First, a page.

Banking On The iPad

Barclays Bank has ordered 8,500 iPads in what is believed to be one of the largest corporate deployments of the device in the UK. ~ via TUAW

This kind of thing has got to be terrifying to Microsoft. Microsoft is losing the battle for tablet’s in the Enterprise and they know it.

And if that wasn’t bad enough, the following has to make their blood run cold:

Barclays told The Channel that they went with the iPad because of staff demand.

However, Microsoft is in it for the long run and Windows 8 tablets have barely even come to bat yet. But if this was a baseball game, It would be like Microsoft coming to bat for the very first time in the bottom of the eighth inning already down 8-0.

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John Kirk

John R. Kirk is a recovering attorney. He has also worked as a financial advisor and a business coach. His love affair with computing started with his purchase of the original Mac in 1985. His primary interest is the field of personal computing (which includes phones, tablets, notebooks and desktops) and his primary focus is on long-term business strategies: What makes a company unique; How do those unique qualities aid or inhibit the success of the company; and why don’t (or can’t) other companies adopt the successful attributes of their competitors?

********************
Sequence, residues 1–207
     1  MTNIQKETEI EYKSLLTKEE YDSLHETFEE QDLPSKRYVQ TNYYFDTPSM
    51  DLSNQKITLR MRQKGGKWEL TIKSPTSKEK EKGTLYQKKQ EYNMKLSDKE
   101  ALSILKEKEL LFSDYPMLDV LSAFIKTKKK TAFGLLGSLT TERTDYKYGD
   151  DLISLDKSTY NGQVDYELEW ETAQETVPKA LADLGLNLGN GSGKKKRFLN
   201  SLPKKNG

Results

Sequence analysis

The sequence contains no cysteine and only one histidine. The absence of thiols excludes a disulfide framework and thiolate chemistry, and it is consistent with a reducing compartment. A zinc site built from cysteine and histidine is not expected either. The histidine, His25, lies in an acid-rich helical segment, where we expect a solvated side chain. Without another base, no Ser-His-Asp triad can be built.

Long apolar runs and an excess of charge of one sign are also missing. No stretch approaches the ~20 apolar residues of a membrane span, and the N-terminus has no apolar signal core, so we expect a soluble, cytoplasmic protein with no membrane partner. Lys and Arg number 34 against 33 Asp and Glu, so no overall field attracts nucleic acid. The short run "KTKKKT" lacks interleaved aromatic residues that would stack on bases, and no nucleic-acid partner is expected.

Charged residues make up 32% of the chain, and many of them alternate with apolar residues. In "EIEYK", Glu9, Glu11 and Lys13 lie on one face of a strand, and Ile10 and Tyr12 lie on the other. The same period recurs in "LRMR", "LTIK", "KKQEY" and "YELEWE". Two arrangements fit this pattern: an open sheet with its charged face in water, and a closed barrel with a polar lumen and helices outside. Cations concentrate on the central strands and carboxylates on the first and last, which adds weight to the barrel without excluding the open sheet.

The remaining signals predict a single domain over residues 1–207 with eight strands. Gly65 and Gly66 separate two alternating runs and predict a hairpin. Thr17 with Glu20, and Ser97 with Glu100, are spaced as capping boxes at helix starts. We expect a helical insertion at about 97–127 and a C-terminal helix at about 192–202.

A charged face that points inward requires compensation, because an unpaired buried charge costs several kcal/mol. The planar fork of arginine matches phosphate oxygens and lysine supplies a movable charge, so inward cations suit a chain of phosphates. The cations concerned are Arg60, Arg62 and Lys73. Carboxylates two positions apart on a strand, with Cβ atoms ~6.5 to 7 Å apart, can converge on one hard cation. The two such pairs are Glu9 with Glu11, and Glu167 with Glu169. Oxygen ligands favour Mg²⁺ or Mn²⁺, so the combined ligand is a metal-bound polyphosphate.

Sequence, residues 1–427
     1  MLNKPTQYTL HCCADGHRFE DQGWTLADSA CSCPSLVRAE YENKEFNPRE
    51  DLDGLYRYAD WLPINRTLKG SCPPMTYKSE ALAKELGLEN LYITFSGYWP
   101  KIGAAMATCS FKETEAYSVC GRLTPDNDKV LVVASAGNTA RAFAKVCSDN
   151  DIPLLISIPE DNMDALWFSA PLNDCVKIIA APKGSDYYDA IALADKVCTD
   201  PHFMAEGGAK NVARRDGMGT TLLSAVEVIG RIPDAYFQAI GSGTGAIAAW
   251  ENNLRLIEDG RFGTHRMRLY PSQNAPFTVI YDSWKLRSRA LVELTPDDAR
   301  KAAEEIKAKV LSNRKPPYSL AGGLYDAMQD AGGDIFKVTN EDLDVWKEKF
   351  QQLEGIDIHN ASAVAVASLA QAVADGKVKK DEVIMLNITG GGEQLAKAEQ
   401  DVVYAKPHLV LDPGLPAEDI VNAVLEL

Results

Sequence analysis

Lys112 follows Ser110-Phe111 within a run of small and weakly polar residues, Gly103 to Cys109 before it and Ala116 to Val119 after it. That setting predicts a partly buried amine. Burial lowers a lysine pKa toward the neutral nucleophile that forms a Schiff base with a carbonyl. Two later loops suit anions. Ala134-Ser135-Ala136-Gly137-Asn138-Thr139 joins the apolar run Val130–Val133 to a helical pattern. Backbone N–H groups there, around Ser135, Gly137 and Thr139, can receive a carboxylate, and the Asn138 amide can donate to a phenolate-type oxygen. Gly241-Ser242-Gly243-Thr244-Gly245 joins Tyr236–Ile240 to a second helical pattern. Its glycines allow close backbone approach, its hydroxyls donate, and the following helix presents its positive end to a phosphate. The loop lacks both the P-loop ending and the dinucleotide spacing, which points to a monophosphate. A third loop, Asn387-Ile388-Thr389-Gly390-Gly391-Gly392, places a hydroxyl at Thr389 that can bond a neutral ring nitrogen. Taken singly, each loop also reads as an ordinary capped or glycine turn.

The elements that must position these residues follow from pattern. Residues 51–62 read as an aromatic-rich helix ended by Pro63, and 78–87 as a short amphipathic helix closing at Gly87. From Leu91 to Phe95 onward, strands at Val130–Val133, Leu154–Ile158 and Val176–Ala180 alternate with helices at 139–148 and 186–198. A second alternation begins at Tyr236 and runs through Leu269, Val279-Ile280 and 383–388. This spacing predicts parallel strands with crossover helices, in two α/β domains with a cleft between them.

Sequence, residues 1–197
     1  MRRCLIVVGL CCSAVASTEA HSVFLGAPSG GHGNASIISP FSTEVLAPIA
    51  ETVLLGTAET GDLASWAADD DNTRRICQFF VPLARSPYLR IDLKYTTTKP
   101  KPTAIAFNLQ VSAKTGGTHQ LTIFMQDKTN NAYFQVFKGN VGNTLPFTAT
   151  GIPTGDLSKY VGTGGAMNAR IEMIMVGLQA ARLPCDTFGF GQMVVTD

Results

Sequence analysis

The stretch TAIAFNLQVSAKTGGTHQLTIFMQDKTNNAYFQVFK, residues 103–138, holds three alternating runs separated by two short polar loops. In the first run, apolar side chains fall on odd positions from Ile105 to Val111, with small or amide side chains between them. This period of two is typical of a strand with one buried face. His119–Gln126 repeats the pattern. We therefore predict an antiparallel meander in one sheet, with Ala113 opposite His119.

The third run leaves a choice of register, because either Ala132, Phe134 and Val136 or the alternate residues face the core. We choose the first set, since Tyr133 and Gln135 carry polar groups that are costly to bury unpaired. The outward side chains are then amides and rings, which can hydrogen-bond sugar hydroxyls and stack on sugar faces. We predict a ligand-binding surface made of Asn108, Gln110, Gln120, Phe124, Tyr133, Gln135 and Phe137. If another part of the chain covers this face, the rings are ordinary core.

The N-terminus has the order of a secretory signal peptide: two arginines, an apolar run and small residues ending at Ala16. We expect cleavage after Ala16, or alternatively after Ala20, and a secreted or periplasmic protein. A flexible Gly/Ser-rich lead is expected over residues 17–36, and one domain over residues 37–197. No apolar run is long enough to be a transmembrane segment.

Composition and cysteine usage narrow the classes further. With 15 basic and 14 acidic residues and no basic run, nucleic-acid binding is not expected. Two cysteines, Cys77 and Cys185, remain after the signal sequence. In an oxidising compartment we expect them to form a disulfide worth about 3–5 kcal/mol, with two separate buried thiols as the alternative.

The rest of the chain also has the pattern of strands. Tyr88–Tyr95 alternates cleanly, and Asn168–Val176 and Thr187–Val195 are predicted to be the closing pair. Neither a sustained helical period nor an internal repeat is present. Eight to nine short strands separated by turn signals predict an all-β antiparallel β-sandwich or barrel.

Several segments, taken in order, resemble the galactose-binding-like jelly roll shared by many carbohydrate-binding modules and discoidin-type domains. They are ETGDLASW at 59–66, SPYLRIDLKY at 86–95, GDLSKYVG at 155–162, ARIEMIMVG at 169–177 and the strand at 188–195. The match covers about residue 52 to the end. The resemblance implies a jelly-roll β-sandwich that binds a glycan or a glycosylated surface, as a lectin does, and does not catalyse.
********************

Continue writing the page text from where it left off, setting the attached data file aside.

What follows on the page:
7 thoughts on “Banking On The iPad”

  1. Microsoft’s “come to market late and wait” methodology worked in the 1990s because they were the dominant vendor then. But now someone else is the dominant vendor in tablets, and waiting won’t help Microsoft. The only thing that would help them would be a really attractive product, and I haven’t seen that yet.

    1. One could say that Microsoft is again copying Apple with this tactic. Wait until others develop a new device category, then come in with your own superior product and take over the market. Apple did this with the iPod, the iPad, and arguably the iPhone. So Microsoft is trying that move. Working against them is 1) the tablet is a category they have been trying at for about 10 years, with no success, and 2) they just don’t have the ability (based on their history) of coming out with a superior, blow away the competition coming out of the gate product. Slow improvement is the best that Microsoft can do. It has worked in the past (it took three tries to get a version of Windows that people would use), the question to be answered is whether that strategy will work in tablets.

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